Biblical Redemption


by Mike Ratliff

15 Therefore he is the mediator of a new covenant, so that those who are called may receive the promised eternal inheritance, since a death has occurred that redeems them from the transgressions committed under the first covenant. (Hebrews 9:15 ESV)

The Gospel is explained very well in the New Testament. The role of the Church in the World from the time of Christ’s Ascension until His return is very well defined for us there as well (to go and make disciples from all the earth, teaching them to observe all that He taught…) This Great Commission is not to ‘be the Gospel’ nor is it to ‘redeem the earth’ nor is it to ‘make the world a better place.’ No, it is to go and tell the Good News that we have a mediator of a new covenant and those who are called may receive the promised eternal inheritance that is made possible through the death of their Saviour who has redeemed through the shedding of His blood (see the passage above). You see, this is the Good News. This is the Gospel. To preach Jesus is to preach what Christ has done not what people have done, not what churches have done, not what religion has done or what being religious can do for anyone. It is simply to proclaim this message relying on the power and work of the Holy Spirit to draw those called by God to saving faith. Let’s take a closer look at this “redemption.”  Continue reading

The Doctrine of Election and the result of rejecting it


by Mike Ratliff

20 But who are you, O man, to answer back to God? Will what is molded say to its molder, “Why have you made me like this?” 21 Has the potter no right over the clay, to make out of the same lump one vessel for honorable use and another for dishonorable use? (Romans 9:20-21 ESV)

I was a teenager in the 1960’s. My generation, the Baby-Boomers, are known for their rebellion against authority. I was no flaming radical, but like most in my generation, I did question the right of those in positions of authority over me. However, I enlisted in the US Navy in 1973 and quickly found out what submission to authority was really all about. All through boot camp and data processing training in the Navy, I discovered how important it was to obey commands and work under the authority of those over me. This hit home to me in a big way when I went to fire fighting school as part of my basic training in San Diego.

Continue reading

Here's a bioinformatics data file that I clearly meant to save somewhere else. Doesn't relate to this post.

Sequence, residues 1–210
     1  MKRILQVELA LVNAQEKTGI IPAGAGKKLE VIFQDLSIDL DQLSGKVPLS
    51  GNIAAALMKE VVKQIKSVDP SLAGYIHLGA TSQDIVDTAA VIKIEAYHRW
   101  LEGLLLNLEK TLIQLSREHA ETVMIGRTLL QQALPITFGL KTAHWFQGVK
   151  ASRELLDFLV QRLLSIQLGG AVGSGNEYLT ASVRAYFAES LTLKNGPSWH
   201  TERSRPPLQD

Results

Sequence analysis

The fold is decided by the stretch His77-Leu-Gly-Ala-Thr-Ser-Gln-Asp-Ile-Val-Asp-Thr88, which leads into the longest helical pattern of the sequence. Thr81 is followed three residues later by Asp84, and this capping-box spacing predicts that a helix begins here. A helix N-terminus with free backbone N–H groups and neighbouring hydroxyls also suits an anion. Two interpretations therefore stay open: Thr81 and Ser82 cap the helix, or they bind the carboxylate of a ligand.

The Doctrine of Election and the Free Gift


by Mike Ratliff

I am the good shepherd. I know my own and my own know me, just as the Father knows me and I know the Father; and I lay down my life for the sheep. And I have other sheep that are not of this fold. I must bring them also, and they will listen to my voice. So there will be one flock, one shepherd. (John 10:14-16 ESV)

When those of us who came from an Arminian or Free Will background come to grips with the reality of God’s Sovereignty, it is amazing how we struggle with letting go of the responsibility to “earn” our salvation. Of course, part of that struggle is rooted in the misconception that “election” happens at salvation. Ephesians 1 makes it clear, however, that God chose His elect before the foundation of the world. An honest reading of that epistle by the Apostle Paul shows us that God’s people are His in completion even though many of them have not yet believed and repented. They are our Lord’s sheep. Continue reading

Is there Injustice on God’s Part?


by Mike Ratliff

14 What shall we say then? Is there injustice on God’s part? By no means! (Romans 9:14 ESV)

The natural mind, plagued with selective rationalization, demands that God be fair in His dealings with all humankind. Fairness speaks of justice. One of the tenets of our republican form government in the USA is a right to a fair and speedy trial before one’s peers. A person on trial for a crime may or may not truly want justice. They may be guilty so their desire is not justice, but grace. If a judge in a criminal trial declares a defendant guilty, but then defers sentencing in lieu of probation or “time served” then he has extended grace to the guilty party.

Continue reading

Redemption


by Mike Ratliff

Therefore he is the mediator of a new covenant, so that those who are called may receive the promised eternal inheritance, since a death has occurred that redeems them from the transgressions committed under the first covenant. (Hebrews 9:15 ESV)